The obvious problem with this arrangement is a sociological one. The two other social settings in which this number of men are confined together for a long period – army camps and prisons – require an intensely regulated environment. But the inhabitants of those institutions have lost or given away some of their freedoms. Construction workers have not.

UCATT general secretary Brumwell says that discipline will be based on the carrot rather than the stick. "The lure of big money should stop workers from causing any big problems because they know that if they mess around they will get booted off the job and lose the money," he says. He adds, however, that that is likely that a specialist management-cum-security firm will police the workers' accommodation to reinforce discipline. "There will also obviously be a union presence on the project and in the accommodation centre areas."

In order to get to their place of work, the operatives will have to negotiate strict security control posts. There, a facial recognition system will be used to monitor them as they go on and off site. This uses software from US-based developer Visionics, and it is already in use elsewhere in the world, helping Israeli border guards to check Palestinian workers crossing into and out of the Occupied Territories. Closer to home, Newham council is using the system in conjunction with surveillance cameras to check the borough's streets for known criminals.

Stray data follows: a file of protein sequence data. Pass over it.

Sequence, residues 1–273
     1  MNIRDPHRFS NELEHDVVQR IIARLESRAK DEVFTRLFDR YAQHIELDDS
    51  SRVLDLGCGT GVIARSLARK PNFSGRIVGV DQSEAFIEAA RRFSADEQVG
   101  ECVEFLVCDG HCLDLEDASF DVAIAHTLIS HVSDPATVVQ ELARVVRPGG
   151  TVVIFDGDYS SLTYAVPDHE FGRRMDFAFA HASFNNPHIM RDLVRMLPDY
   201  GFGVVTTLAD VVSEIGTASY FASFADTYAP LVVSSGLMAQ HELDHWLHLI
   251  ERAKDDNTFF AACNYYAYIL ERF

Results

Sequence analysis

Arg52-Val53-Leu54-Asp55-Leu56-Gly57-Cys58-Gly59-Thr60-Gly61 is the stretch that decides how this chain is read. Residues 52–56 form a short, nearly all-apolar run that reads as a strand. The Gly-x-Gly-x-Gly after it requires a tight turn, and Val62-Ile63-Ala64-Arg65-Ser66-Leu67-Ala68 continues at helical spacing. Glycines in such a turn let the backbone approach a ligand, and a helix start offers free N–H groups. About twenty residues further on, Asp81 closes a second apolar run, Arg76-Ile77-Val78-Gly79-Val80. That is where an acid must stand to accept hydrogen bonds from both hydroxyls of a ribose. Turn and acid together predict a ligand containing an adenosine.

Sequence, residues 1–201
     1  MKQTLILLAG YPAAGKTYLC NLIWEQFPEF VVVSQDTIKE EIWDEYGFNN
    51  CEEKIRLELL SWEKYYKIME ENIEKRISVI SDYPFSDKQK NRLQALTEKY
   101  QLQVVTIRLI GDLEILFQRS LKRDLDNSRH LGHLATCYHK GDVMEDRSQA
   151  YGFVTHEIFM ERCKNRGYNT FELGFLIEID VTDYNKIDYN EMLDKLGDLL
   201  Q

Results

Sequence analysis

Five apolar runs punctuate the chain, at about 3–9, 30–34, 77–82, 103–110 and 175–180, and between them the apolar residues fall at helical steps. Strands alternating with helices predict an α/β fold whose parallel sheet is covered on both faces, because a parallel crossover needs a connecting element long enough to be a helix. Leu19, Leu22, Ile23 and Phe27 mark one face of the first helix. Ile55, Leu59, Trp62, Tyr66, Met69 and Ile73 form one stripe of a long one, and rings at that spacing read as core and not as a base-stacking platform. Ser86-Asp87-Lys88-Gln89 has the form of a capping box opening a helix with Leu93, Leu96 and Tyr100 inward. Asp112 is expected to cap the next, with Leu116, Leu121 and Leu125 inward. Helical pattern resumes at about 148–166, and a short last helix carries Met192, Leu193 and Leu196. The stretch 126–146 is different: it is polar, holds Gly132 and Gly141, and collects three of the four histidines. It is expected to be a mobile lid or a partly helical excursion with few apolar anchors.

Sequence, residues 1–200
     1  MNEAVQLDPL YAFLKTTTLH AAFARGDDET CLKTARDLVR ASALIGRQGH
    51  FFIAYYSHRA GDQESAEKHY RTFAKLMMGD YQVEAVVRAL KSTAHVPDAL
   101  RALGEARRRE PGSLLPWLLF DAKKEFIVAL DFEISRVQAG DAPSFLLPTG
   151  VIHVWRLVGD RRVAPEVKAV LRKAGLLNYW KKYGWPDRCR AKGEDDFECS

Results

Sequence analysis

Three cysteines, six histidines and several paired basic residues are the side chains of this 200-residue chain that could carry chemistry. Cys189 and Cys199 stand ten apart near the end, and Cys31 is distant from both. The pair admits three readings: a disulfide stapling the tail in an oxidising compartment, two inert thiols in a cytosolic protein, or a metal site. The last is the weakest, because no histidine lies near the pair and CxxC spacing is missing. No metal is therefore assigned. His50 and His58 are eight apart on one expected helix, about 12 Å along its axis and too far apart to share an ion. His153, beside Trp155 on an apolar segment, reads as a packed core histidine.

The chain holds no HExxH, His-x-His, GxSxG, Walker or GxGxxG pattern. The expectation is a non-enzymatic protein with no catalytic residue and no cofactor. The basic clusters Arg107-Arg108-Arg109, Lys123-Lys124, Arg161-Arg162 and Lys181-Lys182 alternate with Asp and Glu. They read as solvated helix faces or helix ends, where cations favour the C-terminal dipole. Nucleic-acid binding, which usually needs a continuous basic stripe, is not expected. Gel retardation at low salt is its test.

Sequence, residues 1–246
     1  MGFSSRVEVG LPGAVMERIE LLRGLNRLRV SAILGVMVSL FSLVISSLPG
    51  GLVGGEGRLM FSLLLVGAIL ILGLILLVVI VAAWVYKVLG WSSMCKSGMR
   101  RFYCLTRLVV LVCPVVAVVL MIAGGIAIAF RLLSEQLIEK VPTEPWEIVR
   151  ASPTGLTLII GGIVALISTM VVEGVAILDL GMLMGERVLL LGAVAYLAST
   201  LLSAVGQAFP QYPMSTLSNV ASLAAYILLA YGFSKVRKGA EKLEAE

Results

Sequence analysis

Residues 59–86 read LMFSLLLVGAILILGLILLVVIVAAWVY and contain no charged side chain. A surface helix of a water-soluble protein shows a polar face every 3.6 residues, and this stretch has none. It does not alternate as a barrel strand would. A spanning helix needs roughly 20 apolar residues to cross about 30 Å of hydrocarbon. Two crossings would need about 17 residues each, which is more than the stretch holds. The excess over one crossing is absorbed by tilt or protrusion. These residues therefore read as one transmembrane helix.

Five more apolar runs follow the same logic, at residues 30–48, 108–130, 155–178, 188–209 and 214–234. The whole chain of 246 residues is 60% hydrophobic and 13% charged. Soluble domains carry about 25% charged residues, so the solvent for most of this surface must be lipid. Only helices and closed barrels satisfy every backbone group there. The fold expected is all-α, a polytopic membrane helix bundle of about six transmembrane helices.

As well as determining that workers are who they claim to be, the facial recognition software will record their time and attendance to make sure that they earn every penny of that £55,000. Data from the system will be used to produce timesheets for site workers under a system developed by software producer Aurora with O'Rouke Group called TimeKeeper.

A Laing O'Rourke spokesperson confirmed: "Innovation is playing a major role with a number of new systems already in operation. This includes a facial recognition system for recording time on site and automatic payroll from output data."

This software will be installed over the next few months once a site entrance plaza has been completed. Other security measures include automatic vehicle identification and swipe cards to control the movement of personnel within E E the site. Card readers will also be installed on the buses carrying workers to and from the site.